1. Teams line up facing each other (two different colours). The colour of players should be the same as squares to be used by their teams on the board. Each player on each team will have five opportunities before attempting a shot at the other team's net.
Rules (Teacher may demonstrate using the board)
1. To start each player must get by the player in the same position on the opposing team by answering a question correctly. If a player answers a question incorrectly, the opposing player has the opportunity to answer the same question correctly and move one square.
2. Players can move only one square at a time. Missing two questions inside the opponent's blue line means moving back outside the opponent's blue line.
3. Once a player reaches the last square closest to the opposition's goal, the next correct answer will be a shot at the net. If the goalie can answer his or her question correctly, the latter will make a save; if incorrect, a goal is scored. If a save, the player who shot will have to wait for his or her next turn to take another shot at the net. The player who scores a goal will return to the square where he or she started and begin again.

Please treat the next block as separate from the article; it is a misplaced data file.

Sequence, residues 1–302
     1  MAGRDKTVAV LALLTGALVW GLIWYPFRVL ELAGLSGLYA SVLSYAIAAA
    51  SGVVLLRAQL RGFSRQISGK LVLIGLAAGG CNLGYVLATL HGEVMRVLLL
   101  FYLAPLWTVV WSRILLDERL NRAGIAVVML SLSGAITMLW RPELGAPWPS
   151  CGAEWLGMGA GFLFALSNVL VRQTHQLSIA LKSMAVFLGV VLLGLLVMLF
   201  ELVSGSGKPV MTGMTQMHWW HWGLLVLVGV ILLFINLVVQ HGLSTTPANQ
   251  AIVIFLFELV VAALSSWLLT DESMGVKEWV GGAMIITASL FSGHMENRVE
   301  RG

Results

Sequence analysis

4. Players will take questions in turn and will alternate with his or her the opposite player, beginning with the centers at the face-off. Each player must answer his or her question without the help of teammates. Helping a teammate will mean a penalty of missing the next turn when it comes up for the player who committed the infraction. The player, against whom the infraction was committed, will get a bonus move (without answering a question) of one square. Players may change positions with teammates after each game, especially the goalie. The goalie will be required to answer questions only when threatened by shots on goal.
5. The referee (a student or the teacher) will ask the questions and determine whether the answers are correct or not as well as call infractions.
6. Teams will consist of six players, one for each position (ie. A class of 25 would mean 4 teams of 6 plus a referee. Students may give their teams names (ie. NHL Names) but each team will represent different periods (decades) of hockey history. If there are more than six on a team, substitutes can enter the game or take turns with another player.
7. Teachers and students may introduce more rules. (ie. The option of making defensive moves to stop the opposition from getting a shot on one's net).
Visit the website ARCHIVED - Backcheck: Hockey for Kids